Ana Paula Markel
Excerpted from "Being the Quiet Midwife/Doula in the Corner," Midwifery Today, Issue 87
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If you attend pregnant women, you need basic knowledge of the breech delivery. In this DVD, Midwives Valerie El Halta and Rahima Baldwin Dancy share their expertise in a clear, detailed manner. You'll learn a Breech Scoring System to help evaluate risk, various positions for the mother in delivering a breech baby, the key points for diagnosing and delivering a frank breech and more. Perfect for midwifery training programs and self-study by both student and experienced midwives, Normalizing the Breech Delivery is a must-have for every birth library. Order the video.

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Web Site Update

Read these article excerpts from the most recent issue of Midwifery Today newly posted to our Web site:

  • Who Benefits from Training Traditional Midwives?—by Ann Davenport
    Davenport discusses the ramifications of training traditional midwives or skilled birth attendants based on conformity to a medical system that may or may not be in the best interest of birthing mothers.

Visit the Midwifery Today YouTube Channel

Please check out our second YouTube video, part of our Birth Essentials series:
Penny Simkin: Using Doulas for Birth Care
In this video, Penny Simkin talks about doulas in an interview at the Midwifery Today Conference in Eugene, Oregon, March 2009. The co-founder of Doulas of North America (now DONA International), Penny talks about using doulas for birth care and how the doula movement came about.

Click below to view, or you may wish to go here to download video and view without streaming interruption.


 


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Question of the Week

Q: When do you consider a woman post-date? What are your protocols for post-date clients?

Midwifery Today E-News Staff


SEND YOUR RESPONSE to mtensubmit@midwiferytoday.com with "Question of the Week" in the subject line. Please indicate the topic of discussion *and the E-News issue number* in the message.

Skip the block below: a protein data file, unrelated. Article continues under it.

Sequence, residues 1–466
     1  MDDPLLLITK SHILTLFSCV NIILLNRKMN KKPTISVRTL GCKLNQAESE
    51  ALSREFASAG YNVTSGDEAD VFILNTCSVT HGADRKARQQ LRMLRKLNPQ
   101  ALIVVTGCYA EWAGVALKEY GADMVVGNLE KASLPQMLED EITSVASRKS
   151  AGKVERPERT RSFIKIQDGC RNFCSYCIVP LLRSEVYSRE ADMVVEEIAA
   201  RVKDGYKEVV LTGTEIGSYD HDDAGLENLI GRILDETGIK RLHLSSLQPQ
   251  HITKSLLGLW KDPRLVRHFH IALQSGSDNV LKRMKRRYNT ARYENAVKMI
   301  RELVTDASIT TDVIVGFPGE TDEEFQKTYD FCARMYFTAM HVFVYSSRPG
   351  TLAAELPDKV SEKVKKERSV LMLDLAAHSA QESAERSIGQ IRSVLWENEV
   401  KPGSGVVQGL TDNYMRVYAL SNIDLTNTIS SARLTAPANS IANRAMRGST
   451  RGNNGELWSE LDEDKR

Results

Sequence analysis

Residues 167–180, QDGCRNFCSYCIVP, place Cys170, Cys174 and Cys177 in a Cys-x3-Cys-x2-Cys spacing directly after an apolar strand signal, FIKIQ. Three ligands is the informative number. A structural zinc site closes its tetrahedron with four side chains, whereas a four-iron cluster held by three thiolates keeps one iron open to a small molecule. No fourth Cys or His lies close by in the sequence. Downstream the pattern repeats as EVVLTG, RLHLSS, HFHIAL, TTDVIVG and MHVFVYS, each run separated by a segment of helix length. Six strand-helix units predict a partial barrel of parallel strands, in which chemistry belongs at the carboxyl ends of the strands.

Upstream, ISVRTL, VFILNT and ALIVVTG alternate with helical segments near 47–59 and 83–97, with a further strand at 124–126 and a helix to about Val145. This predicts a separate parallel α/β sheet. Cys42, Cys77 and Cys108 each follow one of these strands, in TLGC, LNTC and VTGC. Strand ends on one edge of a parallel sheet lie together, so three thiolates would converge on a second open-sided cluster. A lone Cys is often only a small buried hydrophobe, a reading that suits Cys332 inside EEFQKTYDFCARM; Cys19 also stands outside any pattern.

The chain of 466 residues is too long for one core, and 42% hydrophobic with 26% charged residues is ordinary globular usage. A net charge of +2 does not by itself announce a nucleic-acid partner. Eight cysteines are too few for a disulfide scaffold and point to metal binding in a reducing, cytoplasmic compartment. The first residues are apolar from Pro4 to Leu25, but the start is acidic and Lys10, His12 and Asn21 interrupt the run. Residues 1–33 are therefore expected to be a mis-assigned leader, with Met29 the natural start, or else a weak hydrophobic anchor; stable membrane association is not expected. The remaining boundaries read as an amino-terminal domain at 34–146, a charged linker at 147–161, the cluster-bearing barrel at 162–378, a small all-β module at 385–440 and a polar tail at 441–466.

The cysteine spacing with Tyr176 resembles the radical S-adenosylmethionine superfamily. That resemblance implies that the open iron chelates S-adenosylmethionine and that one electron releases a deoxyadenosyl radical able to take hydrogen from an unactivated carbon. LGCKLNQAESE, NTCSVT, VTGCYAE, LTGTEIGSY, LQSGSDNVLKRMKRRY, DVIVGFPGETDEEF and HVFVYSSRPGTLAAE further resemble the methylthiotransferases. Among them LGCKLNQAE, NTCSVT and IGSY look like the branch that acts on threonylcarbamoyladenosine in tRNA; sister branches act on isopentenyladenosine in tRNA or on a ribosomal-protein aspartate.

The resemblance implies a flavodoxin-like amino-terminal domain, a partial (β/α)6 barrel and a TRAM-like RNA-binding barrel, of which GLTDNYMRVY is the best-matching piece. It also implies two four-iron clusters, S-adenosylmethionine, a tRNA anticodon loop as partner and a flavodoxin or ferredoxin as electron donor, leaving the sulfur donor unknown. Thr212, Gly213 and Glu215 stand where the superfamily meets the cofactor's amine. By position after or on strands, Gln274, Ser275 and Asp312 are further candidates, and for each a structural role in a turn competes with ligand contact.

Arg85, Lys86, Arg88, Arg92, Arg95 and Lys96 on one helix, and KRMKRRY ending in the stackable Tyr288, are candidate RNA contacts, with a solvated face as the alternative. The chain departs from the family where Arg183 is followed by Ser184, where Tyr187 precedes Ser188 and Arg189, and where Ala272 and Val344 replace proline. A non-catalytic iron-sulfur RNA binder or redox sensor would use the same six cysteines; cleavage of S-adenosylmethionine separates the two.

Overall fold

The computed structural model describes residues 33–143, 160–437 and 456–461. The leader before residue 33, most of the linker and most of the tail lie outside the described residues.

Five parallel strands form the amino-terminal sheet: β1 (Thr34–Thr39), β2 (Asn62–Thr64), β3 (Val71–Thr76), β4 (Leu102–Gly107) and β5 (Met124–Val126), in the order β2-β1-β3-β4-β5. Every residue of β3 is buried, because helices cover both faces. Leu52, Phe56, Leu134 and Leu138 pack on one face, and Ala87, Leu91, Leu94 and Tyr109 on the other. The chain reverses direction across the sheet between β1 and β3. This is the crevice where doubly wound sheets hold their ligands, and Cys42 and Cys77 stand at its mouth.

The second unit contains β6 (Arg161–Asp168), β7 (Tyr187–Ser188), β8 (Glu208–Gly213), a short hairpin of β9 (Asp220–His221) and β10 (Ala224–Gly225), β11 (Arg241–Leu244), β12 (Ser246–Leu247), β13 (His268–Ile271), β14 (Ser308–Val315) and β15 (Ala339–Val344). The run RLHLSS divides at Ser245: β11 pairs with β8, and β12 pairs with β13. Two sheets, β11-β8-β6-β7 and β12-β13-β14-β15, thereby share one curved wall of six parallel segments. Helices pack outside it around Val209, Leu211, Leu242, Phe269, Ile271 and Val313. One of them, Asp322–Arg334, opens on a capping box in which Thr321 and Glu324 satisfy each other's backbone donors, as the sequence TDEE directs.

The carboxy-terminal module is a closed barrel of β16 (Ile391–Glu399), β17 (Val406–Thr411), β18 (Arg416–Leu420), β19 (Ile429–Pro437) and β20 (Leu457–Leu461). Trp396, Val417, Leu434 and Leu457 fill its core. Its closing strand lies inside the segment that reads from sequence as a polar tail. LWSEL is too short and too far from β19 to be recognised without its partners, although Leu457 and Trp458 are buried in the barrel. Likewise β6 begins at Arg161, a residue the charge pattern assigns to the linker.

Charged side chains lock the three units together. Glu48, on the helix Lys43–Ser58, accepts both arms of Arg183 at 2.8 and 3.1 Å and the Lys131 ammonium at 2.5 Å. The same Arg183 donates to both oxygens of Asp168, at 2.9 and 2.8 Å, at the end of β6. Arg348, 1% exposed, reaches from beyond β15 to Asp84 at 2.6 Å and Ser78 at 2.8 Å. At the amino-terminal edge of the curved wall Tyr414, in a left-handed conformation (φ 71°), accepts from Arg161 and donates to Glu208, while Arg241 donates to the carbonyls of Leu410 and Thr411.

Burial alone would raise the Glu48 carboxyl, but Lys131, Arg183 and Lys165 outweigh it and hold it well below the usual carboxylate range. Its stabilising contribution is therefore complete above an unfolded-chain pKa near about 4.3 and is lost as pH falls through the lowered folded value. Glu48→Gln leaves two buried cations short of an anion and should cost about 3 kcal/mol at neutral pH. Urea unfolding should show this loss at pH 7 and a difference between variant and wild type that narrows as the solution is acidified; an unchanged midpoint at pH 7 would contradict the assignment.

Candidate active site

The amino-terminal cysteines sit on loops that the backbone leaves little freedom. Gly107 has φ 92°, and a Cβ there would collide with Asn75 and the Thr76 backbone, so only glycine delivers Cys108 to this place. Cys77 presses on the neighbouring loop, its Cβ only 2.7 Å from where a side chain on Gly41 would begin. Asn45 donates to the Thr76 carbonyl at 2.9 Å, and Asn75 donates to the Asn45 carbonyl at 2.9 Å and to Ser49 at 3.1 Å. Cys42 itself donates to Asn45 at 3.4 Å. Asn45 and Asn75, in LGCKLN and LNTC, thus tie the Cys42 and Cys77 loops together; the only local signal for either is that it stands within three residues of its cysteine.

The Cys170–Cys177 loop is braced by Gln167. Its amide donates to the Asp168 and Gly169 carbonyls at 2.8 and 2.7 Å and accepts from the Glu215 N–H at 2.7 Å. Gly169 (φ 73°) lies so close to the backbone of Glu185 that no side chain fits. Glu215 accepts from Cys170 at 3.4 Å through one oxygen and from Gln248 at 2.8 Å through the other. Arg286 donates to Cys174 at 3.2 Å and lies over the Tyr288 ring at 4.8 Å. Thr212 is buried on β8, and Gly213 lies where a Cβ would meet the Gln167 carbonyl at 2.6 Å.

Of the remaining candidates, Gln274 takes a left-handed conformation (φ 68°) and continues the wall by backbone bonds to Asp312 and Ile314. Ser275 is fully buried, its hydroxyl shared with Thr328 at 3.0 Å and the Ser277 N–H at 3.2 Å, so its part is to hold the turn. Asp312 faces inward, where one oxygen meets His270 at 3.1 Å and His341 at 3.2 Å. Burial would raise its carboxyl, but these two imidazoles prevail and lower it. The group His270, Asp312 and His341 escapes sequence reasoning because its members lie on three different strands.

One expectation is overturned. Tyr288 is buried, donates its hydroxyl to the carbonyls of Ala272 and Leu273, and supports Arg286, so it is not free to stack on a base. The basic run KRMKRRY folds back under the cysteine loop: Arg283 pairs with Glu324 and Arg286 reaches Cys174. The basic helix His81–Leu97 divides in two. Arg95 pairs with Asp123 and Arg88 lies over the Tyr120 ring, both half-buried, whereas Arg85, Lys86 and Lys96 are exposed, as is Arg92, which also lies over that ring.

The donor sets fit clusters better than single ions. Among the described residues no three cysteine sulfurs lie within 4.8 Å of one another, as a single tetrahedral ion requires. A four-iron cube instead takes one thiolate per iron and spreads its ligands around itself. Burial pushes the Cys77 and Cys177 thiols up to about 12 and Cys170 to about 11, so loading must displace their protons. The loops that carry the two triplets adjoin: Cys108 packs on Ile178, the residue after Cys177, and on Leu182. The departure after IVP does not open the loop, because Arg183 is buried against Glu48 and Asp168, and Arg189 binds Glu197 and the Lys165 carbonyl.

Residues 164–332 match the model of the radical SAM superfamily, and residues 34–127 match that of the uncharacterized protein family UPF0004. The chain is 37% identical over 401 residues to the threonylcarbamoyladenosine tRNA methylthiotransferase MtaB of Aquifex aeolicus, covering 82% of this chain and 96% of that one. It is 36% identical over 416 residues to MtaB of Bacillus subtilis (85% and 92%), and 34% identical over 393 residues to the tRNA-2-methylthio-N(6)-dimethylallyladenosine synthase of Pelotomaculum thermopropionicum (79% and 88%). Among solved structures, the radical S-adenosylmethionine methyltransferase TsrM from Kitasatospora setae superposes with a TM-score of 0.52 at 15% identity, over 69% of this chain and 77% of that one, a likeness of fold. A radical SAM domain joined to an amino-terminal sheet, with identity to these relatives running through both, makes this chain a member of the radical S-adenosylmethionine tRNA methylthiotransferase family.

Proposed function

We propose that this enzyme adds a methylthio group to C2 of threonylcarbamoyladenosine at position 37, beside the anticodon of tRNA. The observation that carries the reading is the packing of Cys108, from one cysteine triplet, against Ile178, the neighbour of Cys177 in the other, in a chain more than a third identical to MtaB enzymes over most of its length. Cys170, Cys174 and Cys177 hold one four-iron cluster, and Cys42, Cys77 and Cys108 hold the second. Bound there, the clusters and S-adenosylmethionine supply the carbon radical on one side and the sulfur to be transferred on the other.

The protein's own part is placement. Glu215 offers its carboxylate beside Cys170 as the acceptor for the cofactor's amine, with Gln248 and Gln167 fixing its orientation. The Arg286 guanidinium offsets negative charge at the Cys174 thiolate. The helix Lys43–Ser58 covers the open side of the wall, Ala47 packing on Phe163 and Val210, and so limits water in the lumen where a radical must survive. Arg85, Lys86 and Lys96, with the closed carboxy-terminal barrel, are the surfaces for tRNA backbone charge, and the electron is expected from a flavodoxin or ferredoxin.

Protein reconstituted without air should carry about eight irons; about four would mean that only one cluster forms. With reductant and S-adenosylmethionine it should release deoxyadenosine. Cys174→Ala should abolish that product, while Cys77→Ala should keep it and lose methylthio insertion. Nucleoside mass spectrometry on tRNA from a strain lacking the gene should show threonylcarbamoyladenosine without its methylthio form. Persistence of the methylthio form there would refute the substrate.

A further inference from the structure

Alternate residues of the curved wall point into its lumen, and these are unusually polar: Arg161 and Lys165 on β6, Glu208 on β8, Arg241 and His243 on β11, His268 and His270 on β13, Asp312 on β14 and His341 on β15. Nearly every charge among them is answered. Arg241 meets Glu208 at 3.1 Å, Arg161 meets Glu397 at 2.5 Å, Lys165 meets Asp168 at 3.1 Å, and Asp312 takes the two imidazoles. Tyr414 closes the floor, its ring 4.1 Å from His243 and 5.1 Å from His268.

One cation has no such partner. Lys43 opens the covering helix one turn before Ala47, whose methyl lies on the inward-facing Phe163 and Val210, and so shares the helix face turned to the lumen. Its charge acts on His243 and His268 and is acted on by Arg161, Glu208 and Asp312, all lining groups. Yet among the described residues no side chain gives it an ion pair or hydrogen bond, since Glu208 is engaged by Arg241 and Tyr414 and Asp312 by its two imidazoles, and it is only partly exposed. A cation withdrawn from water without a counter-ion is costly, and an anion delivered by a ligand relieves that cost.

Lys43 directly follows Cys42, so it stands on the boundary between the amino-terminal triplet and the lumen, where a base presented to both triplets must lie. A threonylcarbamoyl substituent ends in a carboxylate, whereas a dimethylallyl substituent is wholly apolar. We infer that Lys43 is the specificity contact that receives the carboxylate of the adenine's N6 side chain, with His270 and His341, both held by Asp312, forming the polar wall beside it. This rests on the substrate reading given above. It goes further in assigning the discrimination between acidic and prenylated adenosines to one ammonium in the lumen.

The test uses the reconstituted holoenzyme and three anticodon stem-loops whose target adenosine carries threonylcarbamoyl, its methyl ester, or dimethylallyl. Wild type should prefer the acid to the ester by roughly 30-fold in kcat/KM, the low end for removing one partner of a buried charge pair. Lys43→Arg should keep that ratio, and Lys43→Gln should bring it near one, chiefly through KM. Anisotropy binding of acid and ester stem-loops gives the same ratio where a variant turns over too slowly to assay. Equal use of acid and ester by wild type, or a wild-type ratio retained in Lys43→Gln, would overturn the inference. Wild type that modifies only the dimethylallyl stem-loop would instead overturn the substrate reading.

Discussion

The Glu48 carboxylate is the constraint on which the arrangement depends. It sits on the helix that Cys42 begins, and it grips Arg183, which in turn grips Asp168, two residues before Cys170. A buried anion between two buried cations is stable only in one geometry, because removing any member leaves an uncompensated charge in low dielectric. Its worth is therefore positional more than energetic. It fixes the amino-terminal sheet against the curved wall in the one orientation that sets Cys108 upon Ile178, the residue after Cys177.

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Question of the Week Responses

Q: How do you prevent postpartum hemorrhage?

Midwifery Today E-News Staff

A: There is a concept in Chinese medicine which is based upon the symbol of yin and yang. Simplistically speaking, one can say that yin stands for water, and yang for fire. If you take that one step further, since yin is fluid, one can also say that yin is blood. Since yang is also seen as energy, one can say that yang is qi. Having said that, let's let the basic symbol of yin and yang remain, and instead of seeing it as yin and yang, or water and fire, see it as blood and qi. It is important to understand that these two aspects of yin and yang are mutually interdependent, meaning that one depends upon the other, transforms into the other, and that there is no absolute separation between them. An example of this is the transformation of night into day, or yin into yang.

Traditional Chinese theory teaches us that blood is the mother of qi, and that qi is the motivator of blood. Mother to motivator to mother to motivator, and on and on, just as yin transforms into yang or night transforms into day, showing us a total interdependence, transformation, and a reality that the two compose one. To simplistically go further into Traditional Chinese thinking, one of the numerous properties of qi is to "hold things in place," such as blood in the vessels. Qi also warms, since it is an aspect of yang, or fire.

When a woman is in labor too long, or when she has spent her qi/energy, then that property of "holding" is no longer one that can be relied upon. This can even happen if a woman labors for too long in a hot bath, as can be seen by noticing that a woman who is too hot, or hot for too long, will collapse into exhaustion while in the heat or once she has left the source of heat. A good non-labor example of this is when one sits on a sunny beach all day and when home, collapses into exhaustion.

In preventing postpartum hemorrhage, an old saying that I found from the 18th-century midwifery books from Europe (before we had a midwifery book in North America) is that "the sun should not set twice on a laboring woman." Of course when I was a young woman I had to challenge this, but in due time I learned that this lesson has great merit. I learned that when a woman went too long in an active labor and got to a point of exhaustion, that she was very likely to bleed in the immediate postpartum/third stage of labor. Once I better understood the concept and the properties of qi, I was able to see that with exhaustion in labor, a woman may no longer be able to have enough qi to "hold the blood in place." This will result in a predisposition to losing blood. In any given labor, the loss of one night of sleep is normal, but to lose more than that does not allow a woman to restore or replenish her qi through the normal channels of rest, and as a result, hemorrhage is more likely to occur.